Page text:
Academic journal article Chicago Review

Sense and Sensibility: Music on Stage in What Next?

Academic journal article Chicago Review

Sense and Sensibility: Music on Stage in What Next?

Article excerpt

What Next?, a comic opera in one act with a libretto by Paul Griffiths and music by Elliott Carter, has had a mixed reception since its premiere in 1999 at the Deutsche Staatsoper Linter den Linden in Berlin. Reviews of the early productions tended to praise Carter's music but were hard on Griffiths's libretto. "It celebrates nonsense poetry predicated on profound gibberish," was Martin Bemheimer's conclusion in his December 11, 2007, review for the Financial Times, and less dismissive critics expressed bafflement as often as enthusiasm. Perhaps the unkindest cut of all came from Daniel Barenboim, who had arranged the commission for What Next? and conducted the premiere. Asked in 2008 what he hoped Carter would write next, Barenboim replied "A big, evening-long opera with a captivating libretto." (1) It was widely reported that the scenario of What Next? is based on Jacques Tati's 1971 film Trafic, but Carter repeatedly downplayed the film's influence on the opera, and the lack of a significant connection between the two quickly became conventional wisdom. Compounding the confusion was that, in spite of nearly universal acknowledgment of the libretto's debt to a half-century-old tradition of Absurdist theater, most critics measured the opera's characters by a standard of theatrical naturalism descended from Mozart and Verdi. To be sure, What Next? makes playful reference to a host of musical and theatrical conventions, but the "skewed fit of libretto and music" that David Schiff has noted is a product of the opera's reception history that has obscured its estimable achievements. (2)

There is no question that Carter got the libretto he wanted. He chose Griffiths for the project himself and the two remained in frequent contact, each making essential contributions as the scenario and libretto took shape. The idea of using a scene from Trafic as the opera's point of departure was Carter's. In the film, Tati--playing his perennial alter ego Mr. Hulot--works as an automobile designer for the fictitious Altra car company. Mr. Hulot and his team are responsible for transporting the prototype of a new camper from the company's base in France to an automobile exposition in Amsterdam, and the film chronicles their exploits on the ultimately fruitless journey. The episode that Carter remembered begins with an elaborately choreographed, multicar pileup. After a long sequence of cars careening out of control and auto parts flying, the energy finally dissipates and the scene becomes dramatically still and silent. Tati treats the occupants of the cars like sleepers waking up in the morning: they slowly emerge from their vehicles as though from their beds, stretch their arms and legs, test their neck muscles, and seem not too terribly aware of one another.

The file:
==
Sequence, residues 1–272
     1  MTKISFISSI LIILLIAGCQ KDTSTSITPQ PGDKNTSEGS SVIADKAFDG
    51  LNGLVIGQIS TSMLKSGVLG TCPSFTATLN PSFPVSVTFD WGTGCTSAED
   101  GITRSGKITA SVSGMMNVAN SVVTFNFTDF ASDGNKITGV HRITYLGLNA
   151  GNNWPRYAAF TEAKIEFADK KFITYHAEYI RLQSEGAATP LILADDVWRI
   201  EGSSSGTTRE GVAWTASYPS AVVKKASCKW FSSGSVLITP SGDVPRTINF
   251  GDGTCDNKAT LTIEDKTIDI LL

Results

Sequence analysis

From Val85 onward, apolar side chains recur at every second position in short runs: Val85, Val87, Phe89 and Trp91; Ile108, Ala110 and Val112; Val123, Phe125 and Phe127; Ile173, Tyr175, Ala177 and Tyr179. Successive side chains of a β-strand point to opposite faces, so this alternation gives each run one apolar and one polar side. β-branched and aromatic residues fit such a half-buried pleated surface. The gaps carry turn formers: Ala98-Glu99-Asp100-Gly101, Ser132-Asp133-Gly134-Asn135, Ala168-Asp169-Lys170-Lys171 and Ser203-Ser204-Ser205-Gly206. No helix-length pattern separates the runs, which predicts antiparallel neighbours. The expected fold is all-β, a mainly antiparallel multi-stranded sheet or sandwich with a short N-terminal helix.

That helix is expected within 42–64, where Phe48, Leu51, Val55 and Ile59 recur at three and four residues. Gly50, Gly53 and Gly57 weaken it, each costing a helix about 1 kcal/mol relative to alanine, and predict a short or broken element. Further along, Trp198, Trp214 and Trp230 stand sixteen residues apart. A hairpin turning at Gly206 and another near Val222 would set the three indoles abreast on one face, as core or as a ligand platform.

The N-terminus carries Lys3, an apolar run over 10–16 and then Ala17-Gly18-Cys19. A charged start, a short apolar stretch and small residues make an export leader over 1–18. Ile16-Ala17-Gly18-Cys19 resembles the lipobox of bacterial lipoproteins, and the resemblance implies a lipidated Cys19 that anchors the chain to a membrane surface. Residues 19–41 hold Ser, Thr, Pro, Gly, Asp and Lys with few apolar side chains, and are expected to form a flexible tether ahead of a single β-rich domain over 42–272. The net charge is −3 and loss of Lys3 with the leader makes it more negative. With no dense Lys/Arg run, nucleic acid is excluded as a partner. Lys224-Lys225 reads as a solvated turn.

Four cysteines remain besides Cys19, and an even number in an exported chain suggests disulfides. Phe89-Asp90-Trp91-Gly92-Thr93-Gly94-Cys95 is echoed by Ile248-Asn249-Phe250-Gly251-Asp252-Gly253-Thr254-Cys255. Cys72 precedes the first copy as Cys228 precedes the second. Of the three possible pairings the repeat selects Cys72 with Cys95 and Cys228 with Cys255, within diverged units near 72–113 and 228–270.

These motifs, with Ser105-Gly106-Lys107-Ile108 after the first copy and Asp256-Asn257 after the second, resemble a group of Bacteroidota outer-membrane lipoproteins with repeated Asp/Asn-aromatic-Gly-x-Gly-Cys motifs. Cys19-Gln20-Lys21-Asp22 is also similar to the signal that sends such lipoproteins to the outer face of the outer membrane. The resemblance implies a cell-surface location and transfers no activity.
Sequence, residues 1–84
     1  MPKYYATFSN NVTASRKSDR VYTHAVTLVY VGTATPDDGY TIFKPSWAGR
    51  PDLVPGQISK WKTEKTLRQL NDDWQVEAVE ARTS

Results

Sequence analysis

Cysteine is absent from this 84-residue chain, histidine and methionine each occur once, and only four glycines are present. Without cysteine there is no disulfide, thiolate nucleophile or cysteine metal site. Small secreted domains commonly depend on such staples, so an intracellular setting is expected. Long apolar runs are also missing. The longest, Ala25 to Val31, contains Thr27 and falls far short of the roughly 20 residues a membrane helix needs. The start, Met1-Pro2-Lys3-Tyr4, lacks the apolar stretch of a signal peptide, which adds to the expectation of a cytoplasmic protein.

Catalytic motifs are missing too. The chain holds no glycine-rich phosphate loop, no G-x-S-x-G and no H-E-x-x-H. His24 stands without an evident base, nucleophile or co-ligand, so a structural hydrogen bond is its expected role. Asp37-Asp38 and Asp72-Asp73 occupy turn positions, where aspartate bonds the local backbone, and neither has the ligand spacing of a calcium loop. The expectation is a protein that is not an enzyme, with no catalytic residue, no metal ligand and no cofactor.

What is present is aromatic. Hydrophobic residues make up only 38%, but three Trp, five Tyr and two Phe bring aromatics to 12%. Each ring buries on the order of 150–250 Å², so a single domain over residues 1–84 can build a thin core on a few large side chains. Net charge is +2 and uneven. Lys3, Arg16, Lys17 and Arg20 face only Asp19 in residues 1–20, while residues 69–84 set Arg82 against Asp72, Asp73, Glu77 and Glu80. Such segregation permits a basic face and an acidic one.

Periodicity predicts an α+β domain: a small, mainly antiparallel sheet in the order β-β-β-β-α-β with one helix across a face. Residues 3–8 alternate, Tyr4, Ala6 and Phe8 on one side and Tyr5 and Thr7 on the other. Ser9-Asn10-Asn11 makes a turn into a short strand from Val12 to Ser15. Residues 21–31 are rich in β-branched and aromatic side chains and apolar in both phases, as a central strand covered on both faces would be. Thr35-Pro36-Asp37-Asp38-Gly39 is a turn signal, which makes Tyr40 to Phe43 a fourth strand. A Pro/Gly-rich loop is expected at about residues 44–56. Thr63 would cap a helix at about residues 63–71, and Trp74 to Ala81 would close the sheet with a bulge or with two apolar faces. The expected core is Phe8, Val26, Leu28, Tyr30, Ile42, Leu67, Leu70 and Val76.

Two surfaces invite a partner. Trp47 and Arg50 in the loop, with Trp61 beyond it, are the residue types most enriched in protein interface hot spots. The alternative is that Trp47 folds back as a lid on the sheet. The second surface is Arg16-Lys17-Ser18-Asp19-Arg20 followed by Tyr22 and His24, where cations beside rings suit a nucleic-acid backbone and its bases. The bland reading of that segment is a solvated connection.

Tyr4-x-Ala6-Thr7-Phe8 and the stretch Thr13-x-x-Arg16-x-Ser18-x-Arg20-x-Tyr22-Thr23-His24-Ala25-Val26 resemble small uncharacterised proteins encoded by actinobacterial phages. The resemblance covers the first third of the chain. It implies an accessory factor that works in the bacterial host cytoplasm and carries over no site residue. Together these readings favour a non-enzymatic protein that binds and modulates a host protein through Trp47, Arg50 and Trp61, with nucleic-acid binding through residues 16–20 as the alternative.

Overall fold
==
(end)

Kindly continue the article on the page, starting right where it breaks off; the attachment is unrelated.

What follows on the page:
This episode provides the basic scenario of the opera. As the curtain rises, six characters lie amid the wreckage of an accident, then gradually disentangle themselves and begin to sing. There is the lyric soprano Rose--a professional singer and a diva who, throughout the opera, sings half-remembered snatches of songs and arias from her earlier performances. Dressed as a bride, she seems to have been on her way to wed Harry or Larry (he says he'll answer to either name)--a baritone, bridegroom, and clown. The older generation is represented by the aging hippie and would-be guru Zen (a tenor), and Mama (a dramatic soprano), who may or may not be Zen's ex-wife and Harry or Larry's mother. Finally, there is the low contralto Stella--an astronomer of indeterminate age whom Mama thinks is Zen's current girlfriend--and a boy alto, Kid, who no one seems to recognize but everyone wants to reassure.

Equally significant for the opera, though Carter does not say so explicitly, is the long sequence in Trafic that precedes the accident. When Mr. Hulot and company fail to stop at the Dutch border crossing they are chased down and (with their camper) taken to a detention garage, where they become ensnared in the processing of bureaucratic paperwork with a dozen or so customs officers. …

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